Some school districts’ rules about sports physicals are stricter than state requirements. Meanwhile, some recreational sports leagues may have no health requirements for participation, but these young people are not at any lower risk for sports-related medical concerns than athletes on school-sponsored teams and should be screened as well.

All student athletes should get a sports physical every year—even if it’s not required, Bratton advises “Things change. Injuries pop up,” he says. “Having a quick tertiary screening can give someone comfort that nothing really is going on.”

Ideally, your child should have a sports physical six to eight weeks before the season starts. The exam can be administered by your child’s pediatrician or primary care doctor.

Some schools offer sports physicals to members of the local community. In these cases, doctors volunteer their time, evaluating students at different stations, which focus on specific portions of the exam. Students rotate through the different stations until they’ve had a complete sports physical. Keep in mind however, your child’s doctor is more likely to conduct a complete sports exam and physicals offered by your school shouldn’t be a substitute for their annual checkup.

Managing possible concerns
If your child’s doctor identifies a potential issue that could interfere with sports or make participation risky, you may be referred to a specialist. For example, if your doctor finds an abnormal heart beat, your child may need to see a cardiologist who will hopefully clear him or her for participation in sports once the issue is ruled out, resolved or under control.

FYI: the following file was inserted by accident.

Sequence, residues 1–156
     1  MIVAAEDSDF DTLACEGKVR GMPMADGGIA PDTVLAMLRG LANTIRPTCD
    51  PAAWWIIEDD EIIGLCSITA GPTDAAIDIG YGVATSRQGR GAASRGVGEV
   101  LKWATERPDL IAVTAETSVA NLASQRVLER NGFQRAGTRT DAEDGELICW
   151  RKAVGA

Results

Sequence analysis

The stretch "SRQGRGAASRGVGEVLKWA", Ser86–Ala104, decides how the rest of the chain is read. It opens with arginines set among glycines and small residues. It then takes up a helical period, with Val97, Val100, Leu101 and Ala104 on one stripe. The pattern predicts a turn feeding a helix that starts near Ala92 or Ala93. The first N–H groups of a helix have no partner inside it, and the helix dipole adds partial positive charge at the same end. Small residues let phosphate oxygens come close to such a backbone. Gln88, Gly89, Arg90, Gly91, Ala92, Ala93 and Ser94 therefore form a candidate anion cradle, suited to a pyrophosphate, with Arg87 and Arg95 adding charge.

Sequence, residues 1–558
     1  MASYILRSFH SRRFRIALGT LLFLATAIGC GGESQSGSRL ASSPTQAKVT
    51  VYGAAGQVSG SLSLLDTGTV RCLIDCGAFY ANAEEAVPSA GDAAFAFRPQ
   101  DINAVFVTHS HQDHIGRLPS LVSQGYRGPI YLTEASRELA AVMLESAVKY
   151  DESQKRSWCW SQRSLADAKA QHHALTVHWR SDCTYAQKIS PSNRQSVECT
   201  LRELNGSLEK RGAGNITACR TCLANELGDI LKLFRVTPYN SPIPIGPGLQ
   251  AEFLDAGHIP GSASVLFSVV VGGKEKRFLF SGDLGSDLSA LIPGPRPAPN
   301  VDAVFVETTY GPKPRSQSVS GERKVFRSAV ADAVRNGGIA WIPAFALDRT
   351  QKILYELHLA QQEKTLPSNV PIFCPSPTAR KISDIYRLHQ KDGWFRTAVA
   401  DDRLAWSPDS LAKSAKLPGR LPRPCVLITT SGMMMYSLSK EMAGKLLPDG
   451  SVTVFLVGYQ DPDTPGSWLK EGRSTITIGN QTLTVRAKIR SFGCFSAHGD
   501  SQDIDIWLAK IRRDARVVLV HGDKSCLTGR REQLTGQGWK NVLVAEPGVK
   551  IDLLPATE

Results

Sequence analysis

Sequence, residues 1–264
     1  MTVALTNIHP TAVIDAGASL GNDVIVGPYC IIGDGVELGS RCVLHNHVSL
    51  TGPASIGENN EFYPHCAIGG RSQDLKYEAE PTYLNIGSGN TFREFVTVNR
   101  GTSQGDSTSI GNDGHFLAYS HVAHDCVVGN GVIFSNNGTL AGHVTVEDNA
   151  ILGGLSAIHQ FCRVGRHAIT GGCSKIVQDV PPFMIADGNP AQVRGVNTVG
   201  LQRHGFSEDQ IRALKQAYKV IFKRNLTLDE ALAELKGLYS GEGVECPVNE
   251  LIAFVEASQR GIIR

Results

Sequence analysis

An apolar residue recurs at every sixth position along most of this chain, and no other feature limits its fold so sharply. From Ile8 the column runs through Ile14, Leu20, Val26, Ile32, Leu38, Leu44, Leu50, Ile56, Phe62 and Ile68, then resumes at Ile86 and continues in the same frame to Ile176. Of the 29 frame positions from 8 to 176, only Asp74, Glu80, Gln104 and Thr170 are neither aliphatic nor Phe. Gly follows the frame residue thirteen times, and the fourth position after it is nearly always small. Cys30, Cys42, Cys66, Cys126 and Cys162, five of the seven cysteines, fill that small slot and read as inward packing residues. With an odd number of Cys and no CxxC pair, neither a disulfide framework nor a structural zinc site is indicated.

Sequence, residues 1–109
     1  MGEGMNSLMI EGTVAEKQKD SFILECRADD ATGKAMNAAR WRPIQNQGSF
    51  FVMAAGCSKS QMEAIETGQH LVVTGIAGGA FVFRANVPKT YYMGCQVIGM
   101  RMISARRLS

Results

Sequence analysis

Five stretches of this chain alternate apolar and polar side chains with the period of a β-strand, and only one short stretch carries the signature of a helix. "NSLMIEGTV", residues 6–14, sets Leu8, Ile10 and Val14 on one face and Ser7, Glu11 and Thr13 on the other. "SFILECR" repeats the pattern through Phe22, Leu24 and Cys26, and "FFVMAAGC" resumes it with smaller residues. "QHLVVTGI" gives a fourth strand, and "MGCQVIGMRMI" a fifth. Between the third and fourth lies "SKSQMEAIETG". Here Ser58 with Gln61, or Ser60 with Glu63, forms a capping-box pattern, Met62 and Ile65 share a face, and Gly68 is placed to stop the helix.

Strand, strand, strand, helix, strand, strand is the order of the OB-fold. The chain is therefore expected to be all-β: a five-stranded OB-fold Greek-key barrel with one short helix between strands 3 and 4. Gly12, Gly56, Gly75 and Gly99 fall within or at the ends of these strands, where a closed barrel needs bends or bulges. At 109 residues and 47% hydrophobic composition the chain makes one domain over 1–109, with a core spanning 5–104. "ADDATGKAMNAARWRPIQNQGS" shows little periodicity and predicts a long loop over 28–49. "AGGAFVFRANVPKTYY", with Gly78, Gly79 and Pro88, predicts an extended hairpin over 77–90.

Additionally, if your child suffered a recent injury that required surgery, your doctor might request clearance from his or her surgeon, Bratton explains.

Scheduling a sports physical early on provides you with more time to see specialists and get follow up visits if they are needed. It also allows time for existing injuries to be rehabilitated or a child’s conditioning to improve before the season begins.

Having a chronic health issue doesn’t necessarily disqualify kids from participation in sports. In fact, most students are still able to play at some level after they’ve been evaluated and are receiving the appropriate treatment. Your child’s doctor will also take into account his or her age, maturity level, the specific sports involved and other factors when determining eligibility to participate.

Decisions to clear students for sports are made on a case by case basis. In every situation however, children’s safety and health are the most important consideration.